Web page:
This is the eighth post in a series exploring recent SEC regulations that define the term “venture capital fund” for the purposes of determining whether a fund’s manager is exempt from SEC registration requirements under the Dodd-Frank Act.
Previously in the first installment of this series, I provided a general overview of how the SEC has defined the term “venture capital fund.” A private fund manager that solely advises venture capital funds (as defined in SEC regulations) qualifies for an exemption from investment adviser registration under the Investment Advisers Act. There are five elements to the definition. The first element is that the fund must represent to investors and potential investors that it pursues a venture capital strategy. The second element is that no more than 20% of the fund’s total assets (including committed but not yet invested capital) can be invested in assets that are not “qualifying investments” or “short term holdings.” The third element is the fund cannot borrow in excess of 15 percent of the fund’s aggregate capital contributions and uncalled committed capital. In this post, I will discuss the fourth element of the definition, which limits the redemption rights of investors in a venture capital fund.
The regulations require that a VC fund only issue securities the terms of which do not provide an investor with a right, except in “extraordinary circumstances,” to withdraw, redeem, or require the repurchase of such securities. A fund is permitted to make pro rata distributions to investors. The first question that comes to mind is what exactly does “extraordinary circumstances” mean. The SEC has provided some guidance in its comments to the rule, where it states that “extraordinary circumstances” would generally be limited to events beyond the control of the fund manager or investor. The sole example the SEC gives is a material change in law or regulation. Suffice to say that the SEC intends that this exception will be extremely limited in scope.
One issue that could crop up is whether a fund manager would be able to take distributions from its carried interest without a pro rata distribution to investors, as some fund managers do. The commentary implies that the SEC’s view is that it can. The reason for this is that the regulations provide that a VC fund can only issue securities that do not have redemption rights. A fund manager’s carried interest is usually in the form of a general partnership interest of a limited partnership or a managing member interest of a limited liability company, which in the context of a fund formation, would not be considered a security. However, there are some potential problems. Some fund structure their carried interest as a limited partnership interest held by a “special limited partner” that is an entity separate from the fund manager. Such a limited partnership interest may be deemed to be a security, and consequently, a fund structured in this manner may not be able to make distributions of the fund manager’s carried interest without a corresponding pro rata distribution to investors.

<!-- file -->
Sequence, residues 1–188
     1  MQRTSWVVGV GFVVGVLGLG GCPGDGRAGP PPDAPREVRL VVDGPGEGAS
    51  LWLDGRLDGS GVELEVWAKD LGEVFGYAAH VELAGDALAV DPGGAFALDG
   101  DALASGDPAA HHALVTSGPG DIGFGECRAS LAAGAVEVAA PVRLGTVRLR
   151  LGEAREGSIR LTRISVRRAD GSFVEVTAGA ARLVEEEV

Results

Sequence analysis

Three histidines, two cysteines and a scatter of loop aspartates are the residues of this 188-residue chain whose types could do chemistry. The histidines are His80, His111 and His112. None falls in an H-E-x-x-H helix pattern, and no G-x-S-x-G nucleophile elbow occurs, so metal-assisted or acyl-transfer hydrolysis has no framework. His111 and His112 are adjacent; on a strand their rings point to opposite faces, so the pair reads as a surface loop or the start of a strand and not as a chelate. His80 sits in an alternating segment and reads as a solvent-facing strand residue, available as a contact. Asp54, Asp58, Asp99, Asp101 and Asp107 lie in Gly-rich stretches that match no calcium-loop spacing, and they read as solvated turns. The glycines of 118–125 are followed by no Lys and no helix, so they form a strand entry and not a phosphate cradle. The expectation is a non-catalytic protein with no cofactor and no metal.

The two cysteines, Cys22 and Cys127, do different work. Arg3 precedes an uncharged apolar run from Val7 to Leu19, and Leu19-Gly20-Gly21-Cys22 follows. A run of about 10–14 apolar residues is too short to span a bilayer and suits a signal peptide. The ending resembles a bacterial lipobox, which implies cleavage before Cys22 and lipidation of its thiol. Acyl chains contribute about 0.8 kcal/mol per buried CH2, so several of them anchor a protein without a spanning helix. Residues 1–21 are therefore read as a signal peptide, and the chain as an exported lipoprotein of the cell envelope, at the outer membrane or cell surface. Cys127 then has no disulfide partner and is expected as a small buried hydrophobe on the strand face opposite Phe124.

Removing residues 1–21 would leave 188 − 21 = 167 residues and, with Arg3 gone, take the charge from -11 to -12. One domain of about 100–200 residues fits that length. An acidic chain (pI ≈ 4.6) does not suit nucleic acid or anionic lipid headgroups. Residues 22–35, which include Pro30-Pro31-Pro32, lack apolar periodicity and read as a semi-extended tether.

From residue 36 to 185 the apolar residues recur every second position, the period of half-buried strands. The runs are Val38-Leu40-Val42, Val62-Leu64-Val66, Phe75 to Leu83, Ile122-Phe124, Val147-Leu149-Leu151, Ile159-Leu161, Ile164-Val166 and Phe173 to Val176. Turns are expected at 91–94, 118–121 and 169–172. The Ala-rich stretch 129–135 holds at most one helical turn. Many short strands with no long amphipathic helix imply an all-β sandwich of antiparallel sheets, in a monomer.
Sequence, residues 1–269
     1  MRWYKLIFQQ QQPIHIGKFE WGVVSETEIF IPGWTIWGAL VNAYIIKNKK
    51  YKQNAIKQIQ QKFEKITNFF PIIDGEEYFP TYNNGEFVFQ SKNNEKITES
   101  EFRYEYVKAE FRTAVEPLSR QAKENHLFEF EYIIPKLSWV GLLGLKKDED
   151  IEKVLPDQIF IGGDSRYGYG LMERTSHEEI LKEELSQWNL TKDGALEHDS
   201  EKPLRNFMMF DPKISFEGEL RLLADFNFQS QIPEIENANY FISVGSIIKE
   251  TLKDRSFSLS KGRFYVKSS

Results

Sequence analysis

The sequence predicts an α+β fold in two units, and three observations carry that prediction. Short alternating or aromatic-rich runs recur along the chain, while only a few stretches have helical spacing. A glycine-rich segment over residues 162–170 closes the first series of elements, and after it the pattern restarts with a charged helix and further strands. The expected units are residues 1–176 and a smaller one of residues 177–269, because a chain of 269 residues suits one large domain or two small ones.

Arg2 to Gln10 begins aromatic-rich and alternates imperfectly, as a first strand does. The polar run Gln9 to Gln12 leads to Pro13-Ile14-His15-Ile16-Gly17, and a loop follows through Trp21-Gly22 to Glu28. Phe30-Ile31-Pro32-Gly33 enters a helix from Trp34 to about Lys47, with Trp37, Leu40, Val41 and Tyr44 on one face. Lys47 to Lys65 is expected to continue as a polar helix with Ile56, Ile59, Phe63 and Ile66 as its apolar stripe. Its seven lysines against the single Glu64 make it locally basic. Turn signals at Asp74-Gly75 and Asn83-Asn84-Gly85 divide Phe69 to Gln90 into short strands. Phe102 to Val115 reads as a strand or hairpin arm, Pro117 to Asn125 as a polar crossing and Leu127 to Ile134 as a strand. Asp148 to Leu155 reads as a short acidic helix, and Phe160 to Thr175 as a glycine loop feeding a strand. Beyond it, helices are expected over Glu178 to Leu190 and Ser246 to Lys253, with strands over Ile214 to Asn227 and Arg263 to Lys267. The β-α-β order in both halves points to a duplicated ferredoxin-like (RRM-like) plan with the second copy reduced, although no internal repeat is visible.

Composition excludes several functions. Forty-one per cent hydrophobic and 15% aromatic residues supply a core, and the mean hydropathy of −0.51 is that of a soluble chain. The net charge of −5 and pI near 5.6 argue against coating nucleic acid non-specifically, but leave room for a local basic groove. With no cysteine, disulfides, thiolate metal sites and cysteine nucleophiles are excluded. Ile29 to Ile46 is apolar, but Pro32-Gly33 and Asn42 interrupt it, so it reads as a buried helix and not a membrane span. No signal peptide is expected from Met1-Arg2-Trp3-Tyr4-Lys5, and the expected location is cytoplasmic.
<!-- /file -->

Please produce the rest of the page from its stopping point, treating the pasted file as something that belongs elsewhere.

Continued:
Another issue that this requirement raises is whether it prohibits transfers of an investor’s interest in a VC fund. The offering documents of private funds must restrict the transferability of interests in the fund as a condition to making use of Regulation D; however, there are certain exemptions such as Rule 144 or the so-called “Section 4(1 ½) exemption” that permit resale. Consequently, fund offering documents frequently provide that an owner of an interest in the fund may transfer its interest upon obtaining an opinion of counsel stating that a resale exemption applies. Does such a provision violate the redemption restriction? The commentary to the rule implies that the SEC’s opinion is that it does not, provided that the fund manager is not providing de facto redemption rights by regularly assisting the investors in finding potential transferees. Therefore, it is advisable that VC funds avoid offering to help their investors find potential tranferees.
The restrictions on redemptions are largely in keeping with the venture capital fund industry’s practices. However, there will be some funds that will not qualify under the SEC’s definition as a result of this requirement. Funds that are “evergreen” (that continually accept new investors and allow redemptions as hedge funds usually do) or funds that utilize a “special limited partner” and intend to make distributions to the special limited partner that are not pro rata with the investors may have difficulty qualifying under the definition. As always, you should consult an attorney who is familiar with securities regulatory issues in assessing whether your particular fund management business is required to register with the SEC.
© 2011 Alexander J. Davie — This article is for general information only. The information presented should not be construed to be formal legal advice nor the formation of a lawyer/client relationship.